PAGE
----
In English, many things are named after a particular country – but have you ever wondered what those things are called in those countries?
1jerga burocrática feminine derogatory
- I'm thinking, for example, of so-called legalese and officialese - sentences like ‘We are in receipt of your communication of 12 inst. and wish to convey our most sincere gratitude for same.’
- The vulgar language was a way of signalling to the voters that he was one of them, not speaking in political officialese or respecting the conventions of polite society.
- They have been ‘settled,’ as colonial officialese put it, by a set of State policies that might be better described as disciplined and tamed.
- Imagine if we were able as a church to leave aside all the bureaucratic officialese, all the empty titles, and all the massaging of personal egos.
- In rather guarded officialese, it points to a shaky financial situation with the potential for huge financial losses.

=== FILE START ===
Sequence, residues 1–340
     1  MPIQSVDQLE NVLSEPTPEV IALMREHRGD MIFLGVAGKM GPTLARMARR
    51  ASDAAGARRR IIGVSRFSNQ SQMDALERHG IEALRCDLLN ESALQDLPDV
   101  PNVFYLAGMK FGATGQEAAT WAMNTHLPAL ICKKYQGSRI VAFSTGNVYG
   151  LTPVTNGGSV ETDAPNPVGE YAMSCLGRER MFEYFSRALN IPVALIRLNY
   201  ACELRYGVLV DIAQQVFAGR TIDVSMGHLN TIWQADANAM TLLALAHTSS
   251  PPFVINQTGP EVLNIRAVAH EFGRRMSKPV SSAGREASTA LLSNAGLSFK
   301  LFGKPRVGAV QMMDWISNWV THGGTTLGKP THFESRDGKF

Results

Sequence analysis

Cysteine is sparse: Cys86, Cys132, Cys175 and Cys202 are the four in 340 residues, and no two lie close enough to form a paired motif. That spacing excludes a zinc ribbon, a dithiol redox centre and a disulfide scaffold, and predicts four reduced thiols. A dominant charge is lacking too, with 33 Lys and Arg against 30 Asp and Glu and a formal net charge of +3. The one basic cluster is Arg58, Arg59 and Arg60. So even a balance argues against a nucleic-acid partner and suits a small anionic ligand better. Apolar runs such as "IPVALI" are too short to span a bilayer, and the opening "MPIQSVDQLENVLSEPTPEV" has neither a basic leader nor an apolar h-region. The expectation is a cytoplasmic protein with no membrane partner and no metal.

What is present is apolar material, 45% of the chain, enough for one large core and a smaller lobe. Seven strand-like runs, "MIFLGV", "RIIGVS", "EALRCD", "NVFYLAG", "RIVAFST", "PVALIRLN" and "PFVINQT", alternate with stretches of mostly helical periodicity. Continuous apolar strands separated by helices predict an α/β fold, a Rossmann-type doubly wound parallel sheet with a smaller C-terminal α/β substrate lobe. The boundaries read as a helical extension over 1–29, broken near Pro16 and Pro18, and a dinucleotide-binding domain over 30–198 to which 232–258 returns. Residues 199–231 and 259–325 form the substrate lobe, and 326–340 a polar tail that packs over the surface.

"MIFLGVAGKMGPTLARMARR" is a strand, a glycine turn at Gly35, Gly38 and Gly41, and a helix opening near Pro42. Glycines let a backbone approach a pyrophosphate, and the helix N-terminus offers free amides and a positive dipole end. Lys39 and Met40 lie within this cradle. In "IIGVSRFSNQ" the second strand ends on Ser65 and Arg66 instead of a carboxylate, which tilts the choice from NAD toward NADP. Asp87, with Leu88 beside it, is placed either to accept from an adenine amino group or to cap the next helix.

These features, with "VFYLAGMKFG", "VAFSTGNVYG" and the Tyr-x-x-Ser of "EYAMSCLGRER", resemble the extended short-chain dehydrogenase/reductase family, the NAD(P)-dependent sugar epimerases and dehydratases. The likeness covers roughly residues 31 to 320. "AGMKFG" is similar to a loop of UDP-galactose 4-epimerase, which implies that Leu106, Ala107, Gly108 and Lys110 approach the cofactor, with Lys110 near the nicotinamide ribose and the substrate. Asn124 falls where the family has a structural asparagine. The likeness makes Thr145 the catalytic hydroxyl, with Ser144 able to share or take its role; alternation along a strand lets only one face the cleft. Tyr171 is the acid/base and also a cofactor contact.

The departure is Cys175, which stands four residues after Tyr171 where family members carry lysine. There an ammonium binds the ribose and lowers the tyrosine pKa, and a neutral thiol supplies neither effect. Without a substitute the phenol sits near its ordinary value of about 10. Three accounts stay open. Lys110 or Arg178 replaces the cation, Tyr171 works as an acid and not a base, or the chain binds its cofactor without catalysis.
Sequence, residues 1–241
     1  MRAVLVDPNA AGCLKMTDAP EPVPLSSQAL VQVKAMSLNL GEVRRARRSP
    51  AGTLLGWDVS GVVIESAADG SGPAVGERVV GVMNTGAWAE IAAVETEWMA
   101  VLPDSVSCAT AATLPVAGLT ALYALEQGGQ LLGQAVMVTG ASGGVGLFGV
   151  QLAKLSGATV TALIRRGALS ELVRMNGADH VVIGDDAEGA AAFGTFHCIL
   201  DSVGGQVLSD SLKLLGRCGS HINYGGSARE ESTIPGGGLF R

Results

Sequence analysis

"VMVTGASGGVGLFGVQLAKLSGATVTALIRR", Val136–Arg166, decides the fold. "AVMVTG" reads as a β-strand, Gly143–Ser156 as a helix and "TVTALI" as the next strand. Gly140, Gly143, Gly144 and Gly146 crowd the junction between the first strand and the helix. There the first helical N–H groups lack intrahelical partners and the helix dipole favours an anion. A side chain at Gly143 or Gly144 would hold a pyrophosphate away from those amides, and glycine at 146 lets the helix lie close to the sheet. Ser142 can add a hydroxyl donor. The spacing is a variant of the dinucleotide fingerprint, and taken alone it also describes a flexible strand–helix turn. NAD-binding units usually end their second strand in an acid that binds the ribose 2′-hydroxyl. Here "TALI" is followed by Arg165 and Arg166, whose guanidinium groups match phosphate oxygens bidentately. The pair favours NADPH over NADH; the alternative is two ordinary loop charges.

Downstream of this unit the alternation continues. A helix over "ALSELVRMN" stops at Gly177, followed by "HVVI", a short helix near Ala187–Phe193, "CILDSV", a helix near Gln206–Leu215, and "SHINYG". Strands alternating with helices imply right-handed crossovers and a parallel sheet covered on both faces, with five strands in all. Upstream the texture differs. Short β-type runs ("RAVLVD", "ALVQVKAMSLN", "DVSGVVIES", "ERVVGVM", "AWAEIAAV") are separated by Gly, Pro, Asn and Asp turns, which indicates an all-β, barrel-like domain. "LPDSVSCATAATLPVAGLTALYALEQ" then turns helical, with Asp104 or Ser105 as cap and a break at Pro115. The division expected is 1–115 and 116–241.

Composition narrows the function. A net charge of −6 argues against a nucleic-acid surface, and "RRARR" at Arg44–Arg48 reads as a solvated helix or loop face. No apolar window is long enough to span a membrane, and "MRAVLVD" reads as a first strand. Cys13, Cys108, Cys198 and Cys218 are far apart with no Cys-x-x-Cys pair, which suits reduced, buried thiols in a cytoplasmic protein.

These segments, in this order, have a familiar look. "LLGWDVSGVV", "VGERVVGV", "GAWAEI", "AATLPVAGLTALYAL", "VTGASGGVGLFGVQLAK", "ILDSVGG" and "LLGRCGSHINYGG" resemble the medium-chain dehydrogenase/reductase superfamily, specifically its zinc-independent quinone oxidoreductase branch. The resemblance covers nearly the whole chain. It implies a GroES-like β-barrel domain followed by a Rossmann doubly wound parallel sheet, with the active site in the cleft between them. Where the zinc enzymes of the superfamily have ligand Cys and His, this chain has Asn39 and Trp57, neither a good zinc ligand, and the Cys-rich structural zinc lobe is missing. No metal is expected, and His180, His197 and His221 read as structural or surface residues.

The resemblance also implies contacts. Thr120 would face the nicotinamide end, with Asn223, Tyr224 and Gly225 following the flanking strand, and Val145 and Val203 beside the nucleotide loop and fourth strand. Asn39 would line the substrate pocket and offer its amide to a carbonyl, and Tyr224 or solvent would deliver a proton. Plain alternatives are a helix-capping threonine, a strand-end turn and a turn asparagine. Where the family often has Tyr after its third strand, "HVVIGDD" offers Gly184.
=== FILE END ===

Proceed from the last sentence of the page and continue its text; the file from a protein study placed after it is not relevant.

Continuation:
- In 1979, taking a different tack, Plain English Campaign publicly destroyed government forms as the opening move in a crusade against officialese and obfuscation.
- The simple lending and savings schemes described as ‘micro-financing’ or ‘micro-credit’ in officialese, is seen as the viable solution to livelihood where poverty is the overriding factor.
- That is officialese for saying that they are making the mandatory bow to non-commercial programming, but note that it is only open to the same commercial broadcasters.
- His letter is expressed in his own language, and not in officialese, but to my mind it is clearly a formal request to carry out the works referred to.
English has borrowed many of the following foreign expressions of parting, so you’ve probably encountered some of these ways to say goodbye in other languages.
Many words formed by the addition of the suffix –ster are now obsolete - which ones are due a resurgence?
As their breed names often attest, dogs are a truly international bunch. Let’s take a look at 12 different dog breed names and their backstories.